Noah is coming to buy my house, I think. It’s poured for most of the week, the sky weeping in torrents. An ark may have floated past. But the thing I’ve realized is this: I can see the rain from my desk right now. There are a bunch of things I miss about “normal” life, but the fact that I don’t see a window from my office isn’t one of them. The fact that I am surrounded by windows at my desk now is lovely. It’s the little things.
Around the Web
How to Cultivate the Life You Were Born to Live
Jennie Lusko encourages us to cultivate flourishing
- Does flourishing in this life seem out of reach? It often feels like that to me.
I often feel an underlying sense of guilt because I’m not measuring up and I’m not where I thought I would be.
If only there wasn’t such a struggle in my soul. The great news, though, is that we are actually in the process of flourishing right now, whether we feel it or not.
A seed is destined to become a mature plant, but it requires the right soil, water, air, light, and temperature.
I want to help you understand that a fight “breaks out” (parach) when the seed hits the soil. It’s not just go time; it’s grow time. And that means it’s time to fight.
Symbols of Hope in A Tree Grows in Brooklyn
Rachel Seo reflects on a classic novel.
- Shortly after my family began self-quarantining in the middle of March, I read A Tree Grows in Brooklyn for the first time, flipping pages on my iPad while sprawled out on the living room floor. I’d driven home from college over spring break and was confronting the fact that quarantine had shrunk my world to the size it was when I was in middle school. With the increased sense of enclosure came a desire for comfort: I wanted to read something warm and timeless, something that a younger me would’ve enjoyed.
Wounded by Beauty: Robert Frost, Douglas McKelvey, and Hope in Sorrow
Emily Zaiser Wade explores authors who point us toward hope in sorrow.
- It’s currently snowing as I write this in Michigan. In these northern parts, nature is lovely all year round (except for our mucky pre-Spring), but it’s downright resplendent when it’s snowy. But even our most spectacular winter wonderlands are mere mud pies compared with a New England winter. Just Google some pictures for proof; there’s snow everywhere—thick, sparkling, brilliant snow stilling the bustle of the villages, bowing the shoulders of the ancient evergreens, and beckoning you to the glowing hearth of a farmhouse. This is winter’s splendor at its best.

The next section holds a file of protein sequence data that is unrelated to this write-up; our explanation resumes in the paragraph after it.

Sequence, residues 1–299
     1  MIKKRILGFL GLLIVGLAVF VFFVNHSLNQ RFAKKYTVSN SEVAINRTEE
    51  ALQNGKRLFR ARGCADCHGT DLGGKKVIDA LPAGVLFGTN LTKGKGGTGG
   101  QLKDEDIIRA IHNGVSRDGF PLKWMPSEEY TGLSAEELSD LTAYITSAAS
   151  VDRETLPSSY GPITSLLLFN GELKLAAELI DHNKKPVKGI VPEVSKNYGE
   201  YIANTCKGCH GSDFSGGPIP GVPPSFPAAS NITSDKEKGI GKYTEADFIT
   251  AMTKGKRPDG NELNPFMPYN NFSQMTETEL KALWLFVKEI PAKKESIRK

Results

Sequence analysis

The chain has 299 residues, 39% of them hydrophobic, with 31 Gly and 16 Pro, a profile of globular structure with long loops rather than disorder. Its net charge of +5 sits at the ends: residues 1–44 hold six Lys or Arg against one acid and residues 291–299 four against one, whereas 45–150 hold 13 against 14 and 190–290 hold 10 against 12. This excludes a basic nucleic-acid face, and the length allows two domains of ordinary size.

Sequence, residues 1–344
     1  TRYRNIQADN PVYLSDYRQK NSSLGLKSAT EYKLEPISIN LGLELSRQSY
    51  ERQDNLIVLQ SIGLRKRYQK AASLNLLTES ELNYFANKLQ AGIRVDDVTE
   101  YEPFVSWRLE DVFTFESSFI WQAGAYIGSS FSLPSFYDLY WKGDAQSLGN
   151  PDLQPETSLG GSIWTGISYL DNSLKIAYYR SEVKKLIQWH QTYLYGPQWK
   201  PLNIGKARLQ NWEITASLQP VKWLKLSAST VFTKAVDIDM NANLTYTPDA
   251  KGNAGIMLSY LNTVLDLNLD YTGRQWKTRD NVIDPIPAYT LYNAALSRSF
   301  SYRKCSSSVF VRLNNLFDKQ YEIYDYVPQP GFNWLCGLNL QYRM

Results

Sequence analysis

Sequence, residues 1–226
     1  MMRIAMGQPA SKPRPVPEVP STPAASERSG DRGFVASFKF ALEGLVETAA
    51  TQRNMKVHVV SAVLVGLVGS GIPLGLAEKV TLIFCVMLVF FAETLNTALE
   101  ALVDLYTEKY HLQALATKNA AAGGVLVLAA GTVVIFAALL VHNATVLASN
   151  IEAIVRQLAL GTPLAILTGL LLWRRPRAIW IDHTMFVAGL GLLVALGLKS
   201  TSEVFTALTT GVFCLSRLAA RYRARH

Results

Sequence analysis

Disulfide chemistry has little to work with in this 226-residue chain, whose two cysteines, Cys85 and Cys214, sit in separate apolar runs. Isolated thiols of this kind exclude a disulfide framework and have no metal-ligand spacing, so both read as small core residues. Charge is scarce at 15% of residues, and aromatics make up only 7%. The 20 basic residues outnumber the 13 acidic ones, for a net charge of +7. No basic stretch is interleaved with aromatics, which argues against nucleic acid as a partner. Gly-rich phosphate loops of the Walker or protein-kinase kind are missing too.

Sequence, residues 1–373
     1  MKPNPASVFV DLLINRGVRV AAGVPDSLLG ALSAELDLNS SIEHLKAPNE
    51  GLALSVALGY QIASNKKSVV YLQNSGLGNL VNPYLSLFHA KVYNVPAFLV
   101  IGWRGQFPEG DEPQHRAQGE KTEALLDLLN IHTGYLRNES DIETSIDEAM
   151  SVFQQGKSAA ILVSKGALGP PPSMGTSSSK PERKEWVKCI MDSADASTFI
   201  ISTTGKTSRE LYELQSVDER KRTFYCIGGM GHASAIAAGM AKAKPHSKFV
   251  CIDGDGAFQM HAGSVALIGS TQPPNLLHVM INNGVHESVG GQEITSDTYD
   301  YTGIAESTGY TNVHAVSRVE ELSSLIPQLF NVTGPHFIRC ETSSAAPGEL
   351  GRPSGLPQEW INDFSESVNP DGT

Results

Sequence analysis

On Ravi Zacharias
My friend Sally Zaengle wrote this after hearing of Ravi Zacharias’ death this week, and I love the way she captures the influence his life and work had on her.
- For him, it was going home. But for us, it’s a time to remember how he touched our lives.
In 1982 (or thereabouts) Ravi Zacharias came to Syracuse and spoke to the college-and-career group at the Christian & Missionary Alliance Church where Bud and I were members. Using the creation story, he spoke about the two different types of thinkers — collative and creative.
Around the Warren
In Praise of Family Stock Stories
Adam Huntley reminds us of the value of our familiar stories.
- You or some part of your family live out some cliché. Mine is the Appalachia-holler one. My grandfather was one of twelve kids growing up in Burrell Holler, NC, in the Blue Ridge Mountains. His momma made legendary biscuits and pork gravy, and his feisty father nicknamed him “cat”. He left home as a teenager to become a cowboy and later worked with his dad running shine.
Mr. Midshipman Hornblower
Jessica Burke recommends a book about not being ready.
- They had to have been crazy. That was the only logical reason why those nice nurses told me I was ready to go home with my newborn baby. Sure, I had been preparing for him during the nine months he had grown inside my womb. I had taken classes and read all the books. But when the nurses turned their backs on me with a final goodbye, I was sure they were crazy.
Something to Do with Your Kids
Need to build some architecture? I recommend toothpicks as your medium.
Something to Watch
One of the Google doodles this week was in honor of Israel Kamakawiwoʻole’s birthday and had a lovely animation of one of his most well-known songs.
Thanks for reading. We’re on your side.
-The Story Warren Team